ESPE Abstracts (2018) 89 P-P2-105

ESPE2018 Poster Presentations Diabetes & Insulin P2 (63 abstracts)

Post-Prandial Hyperinsulinaemic Hypoglycaemia after Oesophageal Surgery in Children

Antonia Dastamani a , Neha Malhotra a , Maria Guemes a , Kate Morgan a , Clare Rees b , Mehul Dattani a, & Pratik Shah a


aEndocrinology Department, Great Ormond Street Hospital for Children, London, UK; bDepartment of Specialist Neonatal and Paediatric Surgery, Great Ormond Street Hospital for Children, London, UK; cGenetics and Epigenetics in Health and Disease Section, Genetics and Genomic Medicine Programme, UCL GOS Institute of Child Health, London, UK

Introduction: Post-prandial hyperinsulinaemic hypoglycaemia (PPHH) is a recognised complication of various gastric surgeries in children, but rarely reported after oesophageal atresia repair. We report two children diagnosed with PPHH post-oesophageal surgery and the challenges of their management.

Case 1: A 2-year-old boy diagnosed with oesophageal atresia at birth, was surgically repaired requiring six oesophageal dilatations the first year of life. At 11-months of age he manifested hypoglycaemic seizures and investigations confirmed PPHH. Acarbose and diazoxide trials failed. He was managed with 17-hours continuous gastrostomy feeds. Currently, he is 28-months-old with euglycaemia on daytime bolus gastrostomy feeds and overnight 12-hours continuous gastrostomy feeds.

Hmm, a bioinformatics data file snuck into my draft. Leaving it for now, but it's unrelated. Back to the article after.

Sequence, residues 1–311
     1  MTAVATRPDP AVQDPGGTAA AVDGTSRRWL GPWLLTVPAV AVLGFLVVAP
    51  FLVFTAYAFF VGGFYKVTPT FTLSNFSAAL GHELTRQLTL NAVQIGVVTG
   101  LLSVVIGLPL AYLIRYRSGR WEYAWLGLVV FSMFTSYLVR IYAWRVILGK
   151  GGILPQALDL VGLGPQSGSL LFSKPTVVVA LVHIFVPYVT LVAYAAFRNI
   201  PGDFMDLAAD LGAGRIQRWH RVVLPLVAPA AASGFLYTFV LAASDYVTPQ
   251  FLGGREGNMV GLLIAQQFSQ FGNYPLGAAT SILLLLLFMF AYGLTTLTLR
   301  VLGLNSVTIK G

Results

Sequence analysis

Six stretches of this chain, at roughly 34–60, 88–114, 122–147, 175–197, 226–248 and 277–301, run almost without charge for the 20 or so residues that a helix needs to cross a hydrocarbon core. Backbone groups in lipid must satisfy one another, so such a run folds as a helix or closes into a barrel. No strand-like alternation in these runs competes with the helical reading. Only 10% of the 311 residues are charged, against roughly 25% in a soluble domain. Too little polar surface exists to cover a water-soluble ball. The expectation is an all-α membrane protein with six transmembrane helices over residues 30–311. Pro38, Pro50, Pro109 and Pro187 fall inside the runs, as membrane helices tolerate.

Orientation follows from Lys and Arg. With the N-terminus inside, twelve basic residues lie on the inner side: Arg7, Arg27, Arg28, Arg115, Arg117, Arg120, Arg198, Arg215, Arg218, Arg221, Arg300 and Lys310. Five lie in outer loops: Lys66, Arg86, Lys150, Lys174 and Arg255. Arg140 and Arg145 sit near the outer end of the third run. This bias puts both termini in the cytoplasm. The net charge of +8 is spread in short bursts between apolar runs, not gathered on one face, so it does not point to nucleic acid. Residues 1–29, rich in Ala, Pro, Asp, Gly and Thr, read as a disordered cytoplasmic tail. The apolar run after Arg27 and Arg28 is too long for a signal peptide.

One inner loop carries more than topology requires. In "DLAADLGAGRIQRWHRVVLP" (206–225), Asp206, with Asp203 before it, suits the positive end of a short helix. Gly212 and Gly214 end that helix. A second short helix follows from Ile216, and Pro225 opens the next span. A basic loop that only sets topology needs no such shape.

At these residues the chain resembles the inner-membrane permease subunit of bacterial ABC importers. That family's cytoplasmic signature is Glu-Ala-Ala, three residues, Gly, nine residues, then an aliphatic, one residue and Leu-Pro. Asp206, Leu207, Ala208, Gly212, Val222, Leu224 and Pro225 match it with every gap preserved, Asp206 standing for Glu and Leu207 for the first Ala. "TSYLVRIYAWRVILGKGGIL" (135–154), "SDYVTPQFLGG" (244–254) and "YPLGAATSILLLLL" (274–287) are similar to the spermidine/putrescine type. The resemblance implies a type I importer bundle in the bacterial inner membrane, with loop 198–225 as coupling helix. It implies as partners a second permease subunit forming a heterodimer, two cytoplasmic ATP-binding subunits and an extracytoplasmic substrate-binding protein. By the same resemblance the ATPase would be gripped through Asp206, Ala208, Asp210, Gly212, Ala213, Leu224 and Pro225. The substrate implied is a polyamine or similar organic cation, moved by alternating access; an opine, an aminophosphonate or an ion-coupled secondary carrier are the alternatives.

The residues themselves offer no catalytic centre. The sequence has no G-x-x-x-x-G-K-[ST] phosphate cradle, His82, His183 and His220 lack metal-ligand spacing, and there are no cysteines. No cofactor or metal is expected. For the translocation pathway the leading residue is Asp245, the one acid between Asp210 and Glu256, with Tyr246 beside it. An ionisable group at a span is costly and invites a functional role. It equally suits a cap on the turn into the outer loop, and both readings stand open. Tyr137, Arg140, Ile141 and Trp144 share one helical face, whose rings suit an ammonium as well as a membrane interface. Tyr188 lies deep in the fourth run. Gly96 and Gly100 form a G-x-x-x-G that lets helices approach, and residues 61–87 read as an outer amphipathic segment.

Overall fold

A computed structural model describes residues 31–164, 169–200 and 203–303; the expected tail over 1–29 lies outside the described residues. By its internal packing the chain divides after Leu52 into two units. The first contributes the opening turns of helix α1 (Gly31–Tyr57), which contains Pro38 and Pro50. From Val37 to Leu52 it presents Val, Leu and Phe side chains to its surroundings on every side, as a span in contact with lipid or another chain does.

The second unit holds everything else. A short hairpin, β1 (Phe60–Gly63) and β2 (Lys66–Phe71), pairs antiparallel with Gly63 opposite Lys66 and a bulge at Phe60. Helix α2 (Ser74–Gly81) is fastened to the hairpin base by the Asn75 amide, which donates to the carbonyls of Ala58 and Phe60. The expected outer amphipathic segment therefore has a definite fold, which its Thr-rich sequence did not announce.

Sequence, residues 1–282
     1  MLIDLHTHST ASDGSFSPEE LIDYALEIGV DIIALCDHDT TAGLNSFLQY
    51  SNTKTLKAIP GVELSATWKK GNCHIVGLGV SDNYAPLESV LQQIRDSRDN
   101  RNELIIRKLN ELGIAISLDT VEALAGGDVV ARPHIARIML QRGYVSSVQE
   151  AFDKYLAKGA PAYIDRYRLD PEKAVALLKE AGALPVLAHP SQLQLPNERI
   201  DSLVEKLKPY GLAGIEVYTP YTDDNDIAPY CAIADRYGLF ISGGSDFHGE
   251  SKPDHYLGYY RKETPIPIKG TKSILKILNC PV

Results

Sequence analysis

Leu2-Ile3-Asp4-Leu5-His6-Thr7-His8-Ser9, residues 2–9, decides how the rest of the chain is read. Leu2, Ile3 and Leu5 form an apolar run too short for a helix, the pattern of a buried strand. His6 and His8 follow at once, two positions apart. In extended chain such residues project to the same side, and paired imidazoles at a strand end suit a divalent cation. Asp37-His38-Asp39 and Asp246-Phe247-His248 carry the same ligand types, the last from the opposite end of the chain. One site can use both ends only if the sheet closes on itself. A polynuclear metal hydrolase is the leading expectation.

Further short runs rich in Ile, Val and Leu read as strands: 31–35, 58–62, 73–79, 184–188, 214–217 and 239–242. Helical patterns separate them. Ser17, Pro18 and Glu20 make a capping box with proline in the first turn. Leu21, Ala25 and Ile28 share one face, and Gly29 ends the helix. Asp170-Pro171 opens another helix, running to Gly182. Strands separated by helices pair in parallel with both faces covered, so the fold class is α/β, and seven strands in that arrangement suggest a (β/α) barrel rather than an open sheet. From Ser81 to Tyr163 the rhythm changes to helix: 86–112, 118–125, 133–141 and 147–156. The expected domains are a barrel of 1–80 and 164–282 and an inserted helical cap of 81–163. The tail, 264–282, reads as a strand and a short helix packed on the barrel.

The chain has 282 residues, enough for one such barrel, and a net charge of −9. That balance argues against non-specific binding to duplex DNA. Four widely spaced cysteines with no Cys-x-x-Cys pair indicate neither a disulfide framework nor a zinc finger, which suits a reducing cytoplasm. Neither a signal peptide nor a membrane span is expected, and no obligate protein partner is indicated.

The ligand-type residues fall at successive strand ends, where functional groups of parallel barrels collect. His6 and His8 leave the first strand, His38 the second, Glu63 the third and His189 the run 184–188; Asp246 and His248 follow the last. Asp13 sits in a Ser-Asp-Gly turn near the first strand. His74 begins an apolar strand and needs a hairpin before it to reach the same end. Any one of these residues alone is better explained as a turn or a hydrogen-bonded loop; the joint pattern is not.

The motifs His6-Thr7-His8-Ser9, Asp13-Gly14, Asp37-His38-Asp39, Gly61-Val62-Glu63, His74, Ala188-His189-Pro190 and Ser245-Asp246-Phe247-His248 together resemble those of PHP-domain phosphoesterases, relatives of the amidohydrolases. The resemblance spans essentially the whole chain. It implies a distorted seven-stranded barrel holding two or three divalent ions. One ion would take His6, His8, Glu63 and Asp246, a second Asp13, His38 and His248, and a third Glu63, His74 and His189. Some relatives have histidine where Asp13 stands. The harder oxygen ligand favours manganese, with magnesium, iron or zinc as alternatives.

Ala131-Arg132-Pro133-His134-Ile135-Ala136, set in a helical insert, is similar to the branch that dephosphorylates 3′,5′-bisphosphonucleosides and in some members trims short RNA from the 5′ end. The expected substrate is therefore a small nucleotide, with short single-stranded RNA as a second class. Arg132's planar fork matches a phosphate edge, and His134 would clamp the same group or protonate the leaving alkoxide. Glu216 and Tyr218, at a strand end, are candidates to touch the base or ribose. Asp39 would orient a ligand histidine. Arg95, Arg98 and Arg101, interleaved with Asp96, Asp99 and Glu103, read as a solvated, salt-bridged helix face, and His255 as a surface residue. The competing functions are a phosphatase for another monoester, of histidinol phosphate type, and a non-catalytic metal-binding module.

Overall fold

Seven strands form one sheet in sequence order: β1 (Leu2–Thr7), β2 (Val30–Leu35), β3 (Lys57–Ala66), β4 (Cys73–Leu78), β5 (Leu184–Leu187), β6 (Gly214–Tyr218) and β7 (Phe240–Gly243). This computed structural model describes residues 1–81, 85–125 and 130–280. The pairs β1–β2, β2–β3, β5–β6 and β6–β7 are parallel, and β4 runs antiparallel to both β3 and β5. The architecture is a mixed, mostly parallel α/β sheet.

Case 2: A 6-month-old girl diagnosed with Wolf-Hirschhorn syndrome and tracheo-oesophageal fistula, was surgically repaired, requiring monthly oesophageal dilatations. At 5-months of age she was reported to have hypoglycaemia and PPHH was confirmed. She responded to diazoxide and continuous nasogastric tube feeds, but developed pulmonary hypertension possibly diazoxie-induced. Subsequently diazoxide was stopped and normoglycaemia was secured via 20-hours continuous gastrostomy feeds.

Conclusion: PPHH may be an under-diagnosed complication in children undergoing surgery for oesophageal atresia. These children must be monitored closely for symptoms of hypoglycaemia and if there are concerns must be screened for possible PPHH. Our cases demonstrate that continuous feeding regimens might be the only therapeutic option, until PPHH gradually lessens in intensity over time.

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